The clay/plastic covering lessons risk of fire, decreases odor, & reduces accessibility to vermin.

[21-4] What Are the Advantages & Disadvantages of Burning or Burying Solid Waste?



State-of-the-art sanitary landfill, which is designed to eliminate or minimize environmental problems that plague older landfills.


Fig. 21-15, p. 576

Fig. 21-15, p. 576

According to the EPA, all landfills eventually leak, passing both the effects of contamination & cleanup costs on to future generations.




Air conditioner coolants

Lead acid (car batteries)

D. Not Allowed in Landfills (Must go to an automotive or environmental company for recycling)



[21-5] How Should We Deal with Hazardous Waste?

  • Three levels of priority for dealing with hazardous waste using an integrated management approach: produce less, convert to less hazardous substances, and put the rest in long-term safe storage.


case study2

More than 70% of the world’s e-waste ends up in China.

Over 30,000 workers toil in unsafe conditions and are exposed to toxins.

Some computer companies now offer recycling, though only 10–15% of the e-waste in the U.S. is recycled, 80% of which is shipped overseas.


Physical, chemical, and biological methods can be used to reduce the toxicity of hazardous wastes or to remove them.

Physical Methods: using charcoal or resins to filter out harmful solids & distilling liquid mixtures to separate out harmful chemicals; especially deadly wastes can be encapsulated in glass, cement, or ceramics & then put in secure storage sites.

[21-5] How Should We Deal with Hazardous Waste?


Chemical Methods: using chemical reactions that can convert hazardous chemicals to less harmful or harmless ones. Examples include:

Cyclodextrin – removes solvents & pesticides from contaminated soil & groundwater.

Nanomagnets – magnetic nanoparticles coated w/compounds that remove pollutants from water.

[21-5] How Should We Deal with Hazardous Waste?



[21-5] How Should We Deal with Hazardous Waste?

  • Biological Methods: scientists & engineers consider this type of treatment to be the wave of the future. Examples include:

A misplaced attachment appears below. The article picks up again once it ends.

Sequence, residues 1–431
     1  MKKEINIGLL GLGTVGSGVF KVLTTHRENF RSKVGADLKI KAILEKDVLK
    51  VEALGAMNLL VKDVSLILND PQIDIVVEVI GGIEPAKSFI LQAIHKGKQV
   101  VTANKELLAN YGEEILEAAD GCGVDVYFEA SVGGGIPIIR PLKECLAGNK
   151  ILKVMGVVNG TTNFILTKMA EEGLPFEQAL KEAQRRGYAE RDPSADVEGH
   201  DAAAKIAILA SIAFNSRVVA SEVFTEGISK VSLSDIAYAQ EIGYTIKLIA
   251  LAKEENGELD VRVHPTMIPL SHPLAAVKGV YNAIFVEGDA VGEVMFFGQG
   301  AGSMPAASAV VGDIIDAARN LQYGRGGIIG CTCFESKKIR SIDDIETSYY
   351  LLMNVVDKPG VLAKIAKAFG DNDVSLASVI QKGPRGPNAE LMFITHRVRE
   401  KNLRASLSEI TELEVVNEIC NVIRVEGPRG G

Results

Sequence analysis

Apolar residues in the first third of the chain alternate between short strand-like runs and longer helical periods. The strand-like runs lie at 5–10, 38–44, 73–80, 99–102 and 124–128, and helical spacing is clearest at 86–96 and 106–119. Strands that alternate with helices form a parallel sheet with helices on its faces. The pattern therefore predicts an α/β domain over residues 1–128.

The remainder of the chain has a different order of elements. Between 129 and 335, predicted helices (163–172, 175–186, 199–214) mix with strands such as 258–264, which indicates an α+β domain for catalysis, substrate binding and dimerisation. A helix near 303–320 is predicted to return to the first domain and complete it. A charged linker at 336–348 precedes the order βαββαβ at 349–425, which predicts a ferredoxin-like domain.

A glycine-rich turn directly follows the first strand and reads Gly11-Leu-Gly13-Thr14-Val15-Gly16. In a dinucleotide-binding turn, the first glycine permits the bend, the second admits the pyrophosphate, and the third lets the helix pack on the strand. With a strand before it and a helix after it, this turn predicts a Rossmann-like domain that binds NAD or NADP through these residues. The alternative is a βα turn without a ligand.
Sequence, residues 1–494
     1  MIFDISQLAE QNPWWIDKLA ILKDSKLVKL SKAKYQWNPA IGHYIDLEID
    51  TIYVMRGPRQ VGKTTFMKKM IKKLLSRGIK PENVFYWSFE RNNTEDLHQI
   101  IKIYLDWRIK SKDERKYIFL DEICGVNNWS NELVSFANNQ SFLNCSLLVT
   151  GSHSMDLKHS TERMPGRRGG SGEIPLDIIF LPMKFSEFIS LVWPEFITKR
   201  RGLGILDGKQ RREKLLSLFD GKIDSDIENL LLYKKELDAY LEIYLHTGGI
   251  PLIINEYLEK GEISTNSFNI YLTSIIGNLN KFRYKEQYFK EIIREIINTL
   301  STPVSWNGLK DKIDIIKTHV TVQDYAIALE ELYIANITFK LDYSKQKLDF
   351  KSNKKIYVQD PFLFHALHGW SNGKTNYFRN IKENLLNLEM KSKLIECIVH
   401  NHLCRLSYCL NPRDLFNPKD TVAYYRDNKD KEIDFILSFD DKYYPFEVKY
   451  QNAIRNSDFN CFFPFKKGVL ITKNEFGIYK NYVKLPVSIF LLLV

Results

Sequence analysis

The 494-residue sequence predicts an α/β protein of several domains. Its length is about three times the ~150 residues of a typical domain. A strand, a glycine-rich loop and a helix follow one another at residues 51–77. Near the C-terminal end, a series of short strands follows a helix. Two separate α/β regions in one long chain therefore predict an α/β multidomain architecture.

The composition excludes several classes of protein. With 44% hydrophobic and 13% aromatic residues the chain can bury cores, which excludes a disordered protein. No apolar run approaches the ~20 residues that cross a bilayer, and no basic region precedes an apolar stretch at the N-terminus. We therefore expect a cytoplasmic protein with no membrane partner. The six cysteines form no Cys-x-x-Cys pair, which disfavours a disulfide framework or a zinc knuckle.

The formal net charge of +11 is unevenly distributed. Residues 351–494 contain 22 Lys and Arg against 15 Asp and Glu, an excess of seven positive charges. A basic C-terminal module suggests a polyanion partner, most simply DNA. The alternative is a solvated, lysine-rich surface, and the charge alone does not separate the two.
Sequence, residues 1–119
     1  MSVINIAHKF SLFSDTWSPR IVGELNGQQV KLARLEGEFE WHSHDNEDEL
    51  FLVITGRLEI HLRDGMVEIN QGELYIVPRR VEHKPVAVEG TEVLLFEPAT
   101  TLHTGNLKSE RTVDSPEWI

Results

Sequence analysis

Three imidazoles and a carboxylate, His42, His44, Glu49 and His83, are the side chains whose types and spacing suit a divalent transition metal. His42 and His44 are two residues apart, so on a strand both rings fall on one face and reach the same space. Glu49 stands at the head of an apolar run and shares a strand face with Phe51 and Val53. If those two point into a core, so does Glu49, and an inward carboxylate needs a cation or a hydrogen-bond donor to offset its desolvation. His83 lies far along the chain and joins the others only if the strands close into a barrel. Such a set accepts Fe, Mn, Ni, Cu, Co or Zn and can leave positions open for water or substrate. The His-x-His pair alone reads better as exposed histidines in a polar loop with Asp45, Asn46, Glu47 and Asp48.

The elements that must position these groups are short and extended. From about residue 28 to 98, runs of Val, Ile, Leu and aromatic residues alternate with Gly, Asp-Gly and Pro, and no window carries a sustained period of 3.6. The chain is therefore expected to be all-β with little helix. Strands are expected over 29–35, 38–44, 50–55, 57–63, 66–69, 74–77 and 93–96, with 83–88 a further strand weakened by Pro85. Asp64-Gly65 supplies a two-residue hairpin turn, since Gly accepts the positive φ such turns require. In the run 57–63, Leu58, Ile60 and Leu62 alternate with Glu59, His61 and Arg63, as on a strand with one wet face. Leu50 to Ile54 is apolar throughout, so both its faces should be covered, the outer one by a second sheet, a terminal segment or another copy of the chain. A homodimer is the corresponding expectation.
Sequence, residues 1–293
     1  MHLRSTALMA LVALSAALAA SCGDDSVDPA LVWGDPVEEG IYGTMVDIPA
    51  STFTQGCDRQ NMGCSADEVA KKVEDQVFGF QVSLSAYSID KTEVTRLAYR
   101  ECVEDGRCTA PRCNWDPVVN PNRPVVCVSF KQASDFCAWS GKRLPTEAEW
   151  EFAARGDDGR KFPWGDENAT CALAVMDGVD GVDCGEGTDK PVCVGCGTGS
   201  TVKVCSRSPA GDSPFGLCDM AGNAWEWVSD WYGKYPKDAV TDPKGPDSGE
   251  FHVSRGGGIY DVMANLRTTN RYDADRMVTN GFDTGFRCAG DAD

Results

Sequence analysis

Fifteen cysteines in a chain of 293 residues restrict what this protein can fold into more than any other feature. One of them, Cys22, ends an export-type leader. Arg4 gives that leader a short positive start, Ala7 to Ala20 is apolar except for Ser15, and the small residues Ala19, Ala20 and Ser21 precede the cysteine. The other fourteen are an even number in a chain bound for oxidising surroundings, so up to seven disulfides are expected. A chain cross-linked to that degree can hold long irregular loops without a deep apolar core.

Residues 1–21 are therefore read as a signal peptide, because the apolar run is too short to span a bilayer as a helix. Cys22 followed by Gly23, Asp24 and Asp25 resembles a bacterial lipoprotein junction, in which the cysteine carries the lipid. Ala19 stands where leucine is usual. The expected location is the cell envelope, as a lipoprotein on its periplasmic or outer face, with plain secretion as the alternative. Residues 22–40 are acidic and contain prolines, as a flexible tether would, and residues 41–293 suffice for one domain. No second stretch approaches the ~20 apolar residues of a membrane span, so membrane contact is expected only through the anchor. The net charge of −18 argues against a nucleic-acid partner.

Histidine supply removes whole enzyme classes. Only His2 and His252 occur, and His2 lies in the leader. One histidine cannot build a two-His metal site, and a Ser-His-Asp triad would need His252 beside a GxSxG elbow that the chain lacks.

• Bioremediation: bacteria & enzymes help destroy toxic and hazardous waste or convert them to more benign substances.
      • A contaminated site is inoculated w/an army of microorganisms that break down specific hazardous chemicals, such as organic solvents, PCBs, pesticides, & oil.
      • Takes longer to work than most physical & chemical methods, but costs much less.


Biological Methods cont.:

Phytoremediation: uses natural or genetically engineered plants to absorb, filter, and remove contaminants from polluted water and soil.

Various plants have been identified as “pollution sponges,” which can help to clean up soil & water contaminated with chemicals.

[21-5] How Should We Deal with Hazardous Waste?






Fig. 21-18, p. 579



Fig. 21-19, p. 579


[21-5] How Should We Deal with Hazardous Waste?

  • Hazardous wastes can be incinerated to break them down and convert them to less harmful chemicals.
    • Can release toxic dioxins into air.
    • Produces highly toxic ash that must be safely & permanently stored in a landfill or vault.



[21-5] How Should We Deal with Hazardous Waste?

  • A plasma arc torch can also detoxify hazardous wastes: passing an electrical current through a gas to generate an electric arc and very high temperatures creates plasma—an ionized gas made up of electrically conductive ions and electrons.
    • The plasma process can be carried out in a torch which decomposes liquid or solid hazardous organic waste into ions & atoms that can be converted into simple molecules of a synthetic gas (syngas) consisting mostly of H2 & CO.
      • Syngas can be used to make fuels such as hydrogen, natural gas (CH4), or ethanol.




Plasma Arc




High cost

Produces CO2 and CO

Mobile. Easy to move to different sites

Can release particulates and chlorine gas

Can vaporize and release toxic metals and radioactive elements

Produces no toxic ash


Fig. 21-20, p. 580


[21-5] How Should We Deal with Hazardous Waste?

  • Burial on land is the most widely used method in the United States.
    • Deep-well disposal: liquid hazardous waste is pumped into dry, porous rock formations far beneath aquifers; limited # of such sites & limited space within them.




Fig. 21-21, p. 580

Surface impoundments: excavated depressions such as ponds, pits, or lagoons that are lined to store liquid hazardous wastes.

As water evaporates, waste settles & becomes more concentrated.

Inadequate seals can allow wastes to percolate into groundwater & chemicals can evaporate into the air.

[21-5] How Should We Deal with Hazardous Waste?




Fig. 21-23, p. 581


Fig. 21-22, p. 581

Surface impoundment in Niagara Falls, New York (USA). Such sites can pollute the air and nearby groundwater and surface water.



[21-5] How Should We Deal with Hazardous Waste?

  • Some highly toxic materials (such as mercury) cannot be detoxified, destroyed, or safely buried. Reducing their use it the best solution.
  • Secure Hazardous Waste Landfills: Sometimes hazardous wastes are put into drums and buried in carefully designed and monitored sites; least used method because of expense involved.